Verizon filed a lawsuit against a city in New York state over small cell permit fees, escalating an ongoing tussle between US operators and municipal governments across the country.
The operator argued regulations passed by the City of Rochester in February violate federal rules which ban local governments from charging excessively for permits to deploy wireless equipment in a public right-of-way.
Though the Federal Communications Commission recently set an annual fee limit of $270 per site, Rochester’s code calls for payments of between $1,000 and $1,500 for each small cell installation on a city-owned lamppost, along with recurring administrative fees.
Verizon argued such fees would slow operator progress on 5G, by magnifying the costs of network densification. “Over the next three to four years, an estimated 300,000 small wireless facilities will need to be deployed by Verizon Wireless and other providers…making such fees more likely to materially inhibit service when they exceed the actual and objectively reasonable costs incurred by the local government.”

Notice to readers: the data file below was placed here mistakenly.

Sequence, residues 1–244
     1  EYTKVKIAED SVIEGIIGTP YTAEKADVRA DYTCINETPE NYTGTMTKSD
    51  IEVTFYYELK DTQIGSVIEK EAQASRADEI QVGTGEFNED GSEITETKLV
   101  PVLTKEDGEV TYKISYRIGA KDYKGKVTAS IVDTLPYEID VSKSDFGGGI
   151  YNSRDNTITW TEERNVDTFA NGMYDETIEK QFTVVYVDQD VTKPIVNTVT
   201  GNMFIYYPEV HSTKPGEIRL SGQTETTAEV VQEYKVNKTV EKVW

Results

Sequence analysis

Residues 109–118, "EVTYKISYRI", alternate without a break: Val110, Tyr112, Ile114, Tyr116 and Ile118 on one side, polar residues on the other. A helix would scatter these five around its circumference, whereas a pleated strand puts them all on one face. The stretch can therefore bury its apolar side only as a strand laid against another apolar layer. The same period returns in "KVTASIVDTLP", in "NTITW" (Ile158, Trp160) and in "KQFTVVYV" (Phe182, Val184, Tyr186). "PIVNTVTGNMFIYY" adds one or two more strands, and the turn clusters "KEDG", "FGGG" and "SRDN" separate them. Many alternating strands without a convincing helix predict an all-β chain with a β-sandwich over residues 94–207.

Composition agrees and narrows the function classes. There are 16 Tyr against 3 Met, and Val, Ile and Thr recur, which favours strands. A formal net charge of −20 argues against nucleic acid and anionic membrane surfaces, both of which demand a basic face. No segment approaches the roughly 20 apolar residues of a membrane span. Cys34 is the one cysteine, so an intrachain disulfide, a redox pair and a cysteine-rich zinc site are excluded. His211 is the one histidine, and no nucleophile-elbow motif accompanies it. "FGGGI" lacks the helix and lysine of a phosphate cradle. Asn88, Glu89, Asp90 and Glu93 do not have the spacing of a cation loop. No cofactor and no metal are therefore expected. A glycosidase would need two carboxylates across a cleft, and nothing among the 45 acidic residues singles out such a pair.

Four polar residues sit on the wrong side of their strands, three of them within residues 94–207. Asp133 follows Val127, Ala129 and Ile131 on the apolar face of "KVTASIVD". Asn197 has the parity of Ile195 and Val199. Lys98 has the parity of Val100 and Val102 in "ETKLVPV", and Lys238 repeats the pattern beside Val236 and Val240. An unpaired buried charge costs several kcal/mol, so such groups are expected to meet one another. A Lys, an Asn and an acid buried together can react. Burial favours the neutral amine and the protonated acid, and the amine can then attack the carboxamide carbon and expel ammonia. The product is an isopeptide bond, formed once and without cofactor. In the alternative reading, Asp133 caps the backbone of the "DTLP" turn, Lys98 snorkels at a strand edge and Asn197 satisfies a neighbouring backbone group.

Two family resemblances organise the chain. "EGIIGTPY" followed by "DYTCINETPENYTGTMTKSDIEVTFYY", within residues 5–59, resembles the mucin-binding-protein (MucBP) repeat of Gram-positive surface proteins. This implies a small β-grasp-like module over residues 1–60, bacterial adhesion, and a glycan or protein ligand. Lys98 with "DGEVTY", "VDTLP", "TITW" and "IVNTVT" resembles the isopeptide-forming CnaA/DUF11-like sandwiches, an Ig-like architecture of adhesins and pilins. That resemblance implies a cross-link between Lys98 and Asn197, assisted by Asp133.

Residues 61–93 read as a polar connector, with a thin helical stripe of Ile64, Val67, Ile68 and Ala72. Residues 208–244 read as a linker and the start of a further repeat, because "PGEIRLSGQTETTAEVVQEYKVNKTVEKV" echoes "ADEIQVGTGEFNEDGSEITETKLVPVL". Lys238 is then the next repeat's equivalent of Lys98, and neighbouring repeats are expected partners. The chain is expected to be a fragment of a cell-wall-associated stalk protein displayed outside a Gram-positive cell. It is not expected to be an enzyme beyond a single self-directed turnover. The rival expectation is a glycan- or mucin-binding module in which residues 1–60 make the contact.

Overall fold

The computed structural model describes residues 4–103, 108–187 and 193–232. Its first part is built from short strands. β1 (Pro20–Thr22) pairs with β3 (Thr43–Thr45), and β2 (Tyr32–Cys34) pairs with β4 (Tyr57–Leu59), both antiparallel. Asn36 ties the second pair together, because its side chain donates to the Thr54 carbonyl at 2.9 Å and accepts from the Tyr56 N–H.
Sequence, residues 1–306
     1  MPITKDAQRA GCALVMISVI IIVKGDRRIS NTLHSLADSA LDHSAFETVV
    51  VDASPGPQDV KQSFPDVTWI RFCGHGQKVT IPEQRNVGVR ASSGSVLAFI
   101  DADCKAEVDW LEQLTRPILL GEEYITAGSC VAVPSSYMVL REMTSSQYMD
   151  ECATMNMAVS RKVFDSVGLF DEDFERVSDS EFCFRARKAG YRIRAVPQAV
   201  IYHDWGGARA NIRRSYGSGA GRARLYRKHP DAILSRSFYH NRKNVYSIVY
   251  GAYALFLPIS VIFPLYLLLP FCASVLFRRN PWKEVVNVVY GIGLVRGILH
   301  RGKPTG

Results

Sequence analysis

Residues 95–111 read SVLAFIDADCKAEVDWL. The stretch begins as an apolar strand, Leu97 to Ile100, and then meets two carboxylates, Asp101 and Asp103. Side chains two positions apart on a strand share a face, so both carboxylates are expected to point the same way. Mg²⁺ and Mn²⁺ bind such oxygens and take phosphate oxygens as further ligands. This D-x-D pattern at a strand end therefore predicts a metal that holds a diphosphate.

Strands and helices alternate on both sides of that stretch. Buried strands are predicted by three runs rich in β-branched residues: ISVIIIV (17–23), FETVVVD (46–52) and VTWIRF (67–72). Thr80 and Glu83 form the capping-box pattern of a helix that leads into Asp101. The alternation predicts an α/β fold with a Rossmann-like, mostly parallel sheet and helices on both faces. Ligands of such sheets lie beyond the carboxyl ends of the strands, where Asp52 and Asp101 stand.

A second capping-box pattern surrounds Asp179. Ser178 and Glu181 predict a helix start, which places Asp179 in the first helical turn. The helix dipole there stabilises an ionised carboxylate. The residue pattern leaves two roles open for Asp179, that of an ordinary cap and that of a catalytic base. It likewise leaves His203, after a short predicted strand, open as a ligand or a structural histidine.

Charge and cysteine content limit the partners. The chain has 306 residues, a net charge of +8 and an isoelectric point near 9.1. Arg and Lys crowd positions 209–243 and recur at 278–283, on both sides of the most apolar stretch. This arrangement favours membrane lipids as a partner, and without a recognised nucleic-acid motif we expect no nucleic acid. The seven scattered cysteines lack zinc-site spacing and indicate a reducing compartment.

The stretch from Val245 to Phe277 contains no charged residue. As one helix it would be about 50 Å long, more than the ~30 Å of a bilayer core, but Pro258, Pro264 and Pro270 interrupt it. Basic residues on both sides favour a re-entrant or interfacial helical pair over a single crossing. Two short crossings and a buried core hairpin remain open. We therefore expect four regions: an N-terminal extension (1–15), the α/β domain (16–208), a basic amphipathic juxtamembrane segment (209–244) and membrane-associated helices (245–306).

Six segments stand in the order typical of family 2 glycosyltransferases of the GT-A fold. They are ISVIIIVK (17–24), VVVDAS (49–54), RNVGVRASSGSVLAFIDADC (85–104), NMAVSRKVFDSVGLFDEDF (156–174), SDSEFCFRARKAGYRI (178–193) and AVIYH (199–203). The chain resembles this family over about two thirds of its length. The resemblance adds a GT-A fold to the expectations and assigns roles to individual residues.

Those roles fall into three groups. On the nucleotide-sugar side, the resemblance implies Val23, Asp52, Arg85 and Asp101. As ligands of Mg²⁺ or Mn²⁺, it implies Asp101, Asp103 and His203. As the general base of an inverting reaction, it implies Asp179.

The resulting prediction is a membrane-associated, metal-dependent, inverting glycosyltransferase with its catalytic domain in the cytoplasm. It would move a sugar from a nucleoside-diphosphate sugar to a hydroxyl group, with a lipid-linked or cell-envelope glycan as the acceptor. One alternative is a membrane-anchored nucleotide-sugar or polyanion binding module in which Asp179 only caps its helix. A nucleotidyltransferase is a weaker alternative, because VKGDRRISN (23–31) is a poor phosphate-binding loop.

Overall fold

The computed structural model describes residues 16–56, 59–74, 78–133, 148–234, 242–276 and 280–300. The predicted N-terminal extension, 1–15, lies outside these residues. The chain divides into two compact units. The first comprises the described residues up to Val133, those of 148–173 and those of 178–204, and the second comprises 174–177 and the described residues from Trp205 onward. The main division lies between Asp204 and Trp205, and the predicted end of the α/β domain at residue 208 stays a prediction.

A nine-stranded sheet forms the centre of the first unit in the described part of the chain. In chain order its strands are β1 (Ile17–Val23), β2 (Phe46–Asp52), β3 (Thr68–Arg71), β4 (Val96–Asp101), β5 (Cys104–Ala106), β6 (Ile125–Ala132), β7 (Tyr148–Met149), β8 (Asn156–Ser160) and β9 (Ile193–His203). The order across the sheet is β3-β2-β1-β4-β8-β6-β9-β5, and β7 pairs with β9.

However, Justin Roj, director of communications and special events for the City of Rochester, told Mobile World Live the fees are intended to protect the city’s infrastructure and are “comparable to what other cities require”.
He said other communications providers are complying with the laws as written, adding city officials are “confident in our position against this frivolous lawsuit”.
The case highlights an ongoing struggle between operators and local officials over mass small cell deployments. Though they represent a critical component in operators’ 5G plans, municipal officials claimed the government is going too far by attempting to accelerate deployments.
Earlier this year, Verizon attempted to rally public support for its cause, urging citizens to back next-generation deployments by writing to elected officials.Subscribe to our daily newsletter Back